- The regs require the use of a state-run graphic information mapping system, unlike any other U.S. jurisdiction. There were objections this could be cumbersome for operators and potentially redundant, as all of them use established geolocation services to determine if bettors are within a state where they are permitted to wager.
- Concerns were raised about timelines in the rules being either too short or or too long. Some examples: The draft rules would give operators three days to resolve customer disputes while operators say 7-10 days is more reasonable; the regulator requested that responsible gaming plans be submitted 60 days prior to launch, but operators say 30 is more standard; and the agency proposes that changes to an operator’s bet menu, as well as some promotions, be submitted 72 hours in advance, but operators say timelines are shorter elsewhere, allowing them to react to fluid situations.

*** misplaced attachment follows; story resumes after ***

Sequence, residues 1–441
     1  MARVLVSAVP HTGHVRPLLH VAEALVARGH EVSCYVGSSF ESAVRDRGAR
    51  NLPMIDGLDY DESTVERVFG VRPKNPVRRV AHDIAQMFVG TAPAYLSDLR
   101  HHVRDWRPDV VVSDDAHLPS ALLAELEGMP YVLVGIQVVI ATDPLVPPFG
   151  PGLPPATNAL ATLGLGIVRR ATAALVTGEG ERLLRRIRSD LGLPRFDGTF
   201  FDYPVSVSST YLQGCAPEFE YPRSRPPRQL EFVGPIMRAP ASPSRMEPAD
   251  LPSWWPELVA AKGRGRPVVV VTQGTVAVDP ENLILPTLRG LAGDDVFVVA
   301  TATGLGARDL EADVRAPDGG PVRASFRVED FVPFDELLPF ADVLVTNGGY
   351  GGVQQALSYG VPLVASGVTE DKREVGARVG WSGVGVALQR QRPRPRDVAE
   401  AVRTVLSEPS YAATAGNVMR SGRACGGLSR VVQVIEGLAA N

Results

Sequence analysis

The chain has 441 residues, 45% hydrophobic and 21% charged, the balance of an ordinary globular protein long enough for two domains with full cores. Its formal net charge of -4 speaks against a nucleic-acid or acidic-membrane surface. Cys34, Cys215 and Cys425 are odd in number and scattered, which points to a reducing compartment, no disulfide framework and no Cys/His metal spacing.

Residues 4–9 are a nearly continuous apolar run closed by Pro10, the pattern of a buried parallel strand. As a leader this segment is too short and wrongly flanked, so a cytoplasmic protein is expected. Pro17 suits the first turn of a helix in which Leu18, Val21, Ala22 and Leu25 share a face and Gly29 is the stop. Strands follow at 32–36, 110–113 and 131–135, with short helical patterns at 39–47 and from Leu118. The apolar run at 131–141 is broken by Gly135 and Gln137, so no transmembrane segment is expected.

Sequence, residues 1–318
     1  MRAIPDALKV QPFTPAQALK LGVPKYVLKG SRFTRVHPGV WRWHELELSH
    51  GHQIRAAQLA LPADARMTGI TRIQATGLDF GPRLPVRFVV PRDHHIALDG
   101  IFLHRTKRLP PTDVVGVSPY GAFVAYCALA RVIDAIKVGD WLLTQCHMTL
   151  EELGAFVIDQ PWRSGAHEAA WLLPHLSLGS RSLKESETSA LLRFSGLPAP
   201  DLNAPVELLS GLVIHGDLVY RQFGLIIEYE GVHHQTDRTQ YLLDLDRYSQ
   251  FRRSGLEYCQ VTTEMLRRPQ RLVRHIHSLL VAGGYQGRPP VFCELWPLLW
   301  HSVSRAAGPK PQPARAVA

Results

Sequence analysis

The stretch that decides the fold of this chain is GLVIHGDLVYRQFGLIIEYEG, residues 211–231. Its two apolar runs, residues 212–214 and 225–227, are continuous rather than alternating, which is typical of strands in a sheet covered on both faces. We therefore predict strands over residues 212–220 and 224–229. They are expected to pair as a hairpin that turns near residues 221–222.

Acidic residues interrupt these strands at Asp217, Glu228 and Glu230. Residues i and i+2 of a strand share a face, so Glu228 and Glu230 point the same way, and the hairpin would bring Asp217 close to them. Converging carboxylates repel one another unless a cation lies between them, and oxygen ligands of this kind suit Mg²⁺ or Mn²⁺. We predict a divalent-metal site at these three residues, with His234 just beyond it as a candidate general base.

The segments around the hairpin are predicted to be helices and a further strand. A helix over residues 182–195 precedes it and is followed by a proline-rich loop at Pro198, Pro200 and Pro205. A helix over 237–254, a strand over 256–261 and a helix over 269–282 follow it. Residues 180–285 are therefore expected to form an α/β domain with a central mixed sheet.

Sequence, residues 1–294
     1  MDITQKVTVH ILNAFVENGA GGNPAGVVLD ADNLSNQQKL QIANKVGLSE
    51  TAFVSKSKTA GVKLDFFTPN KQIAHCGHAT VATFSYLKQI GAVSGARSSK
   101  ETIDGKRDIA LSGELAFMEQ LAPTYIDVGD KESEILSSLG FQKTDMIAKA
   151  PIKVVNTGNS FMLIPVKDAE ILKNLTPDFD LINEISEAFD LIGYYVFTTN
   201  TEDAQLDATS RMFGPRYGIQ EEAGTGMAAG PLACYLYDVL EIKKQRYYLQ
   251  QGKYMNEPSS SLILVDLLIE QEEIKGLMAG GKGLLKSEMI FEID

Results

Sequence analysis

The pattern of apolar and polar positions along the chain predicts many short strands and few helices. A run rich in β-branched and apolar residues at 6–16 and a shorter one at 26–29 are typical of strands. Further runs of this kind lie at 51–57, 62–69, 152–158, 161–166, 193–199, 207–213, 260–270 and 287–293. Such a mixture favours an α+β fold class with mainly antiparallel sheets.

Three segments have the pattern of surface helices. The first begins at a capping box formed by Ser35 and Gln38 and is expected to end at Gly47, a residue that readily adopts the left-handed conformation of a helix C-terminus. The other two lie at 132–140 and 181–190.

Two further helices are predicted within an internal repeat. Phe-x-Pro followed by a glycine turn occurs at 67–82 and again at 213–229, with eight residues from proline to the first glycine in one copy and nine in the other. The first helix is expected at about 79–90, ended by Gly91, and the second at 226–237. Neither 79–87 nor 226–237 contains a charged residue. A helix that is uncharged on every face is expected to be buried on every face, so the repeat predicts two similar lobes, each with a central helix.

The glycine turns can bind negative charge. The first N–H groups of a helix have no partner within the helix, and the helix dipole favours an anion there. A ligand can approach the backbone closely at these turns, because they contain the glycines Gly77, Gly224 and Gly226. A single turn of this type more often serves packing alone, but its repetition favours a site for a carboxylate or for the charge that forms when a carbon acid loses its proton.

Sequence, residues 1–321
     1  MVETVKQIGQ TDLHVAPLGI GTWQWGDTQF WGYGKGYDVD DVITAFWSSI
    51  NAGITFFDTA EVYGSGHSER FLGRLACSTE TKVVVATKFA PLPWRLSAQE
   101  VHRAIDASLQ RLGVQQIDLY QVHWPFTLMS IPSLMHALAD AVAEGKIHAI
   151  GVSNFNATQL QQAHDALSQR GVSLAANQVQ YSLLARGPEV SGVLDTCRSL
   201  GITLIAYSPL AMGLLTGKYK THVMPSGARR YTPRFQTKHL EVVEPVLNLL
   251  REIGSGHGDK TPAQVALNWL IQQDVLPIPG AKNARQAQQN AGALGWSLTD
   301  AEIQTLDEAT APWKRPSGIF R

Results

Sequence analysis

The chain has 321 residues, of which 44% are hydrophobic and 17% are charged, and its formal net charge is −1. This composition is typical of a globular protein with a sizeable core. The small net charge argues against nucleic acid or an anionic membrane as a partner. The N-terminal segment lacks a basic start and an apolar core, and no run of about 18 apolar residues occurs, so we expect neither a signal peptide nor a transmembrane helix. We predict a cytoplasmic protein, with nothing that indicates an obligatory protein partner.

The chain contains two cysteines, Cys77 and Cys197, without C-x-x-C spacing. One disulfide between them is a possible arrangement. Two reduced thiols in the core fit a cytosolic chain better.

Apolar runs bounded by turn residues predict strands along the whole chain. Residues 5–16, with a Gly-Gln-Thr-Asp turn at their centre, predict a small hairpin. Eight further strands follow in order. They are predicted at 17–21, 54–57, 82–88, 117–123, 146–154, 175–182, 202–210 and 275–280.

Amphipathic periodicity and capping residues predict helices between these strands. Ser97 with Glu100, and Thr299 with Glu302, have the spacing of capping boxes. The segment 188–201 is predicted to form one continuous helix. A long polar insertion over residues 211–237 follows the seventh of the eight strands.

- The operators want credit cards to be included as an option to fund customer accounts, which is common elsewhere but was omitted from the draft regulations.
- The agency wants operators to verify the physical address of a bettor. Operators say it’s standard practice to require proof of age or identity, but a bettor’s physical address is out of the ordinary — and could be interpreted to mean either where the person lives, or where they are at the time the bet is placed.
While major operators, suppliers, responsible gaming advocates, and the professional sports leagues offered up their thoughts, some average citizens did, too.
“Very much AGAINST all sports betting. Please make it as restrictive as possible. The very integrity of sports ethics is being imperiled,” wrote Cynthia Lyons.
But Austin Gaspley may have summed it best for those waiting to place their first bet: “Please pass this framework quickly and efficiently so residents of Maryland can enjoy sports betting,” he wrote. “Nothing says footballs back like hammering a 6 game spread parlay. Let’s go.”